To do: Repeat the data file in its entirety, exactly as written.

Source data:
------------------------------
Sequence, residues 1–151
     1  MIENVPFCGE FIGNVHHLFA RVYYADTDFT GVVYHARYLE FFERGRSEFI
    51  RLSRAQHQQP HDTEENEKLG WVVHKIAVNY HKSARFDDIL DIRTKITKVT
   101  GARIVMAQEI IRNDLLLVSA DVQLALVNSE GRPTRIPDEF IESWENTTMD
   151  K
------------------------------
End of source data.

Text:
Sequence, residues 1–151
     1  MIENVPFCGE FIGNVHHLFA RVYYADTDFT GVVYHARYLE FFERGRSEFI
    51  RLSRAQHQQP HDTEENEKLG WVVHKIAVNY HKSARFDDIL DIRTKITKVT
   101  GARIVMAQEI IRNDLLLVSA DVQLALVNSE GRPTRIPDEF IESWENTTMD
   151  K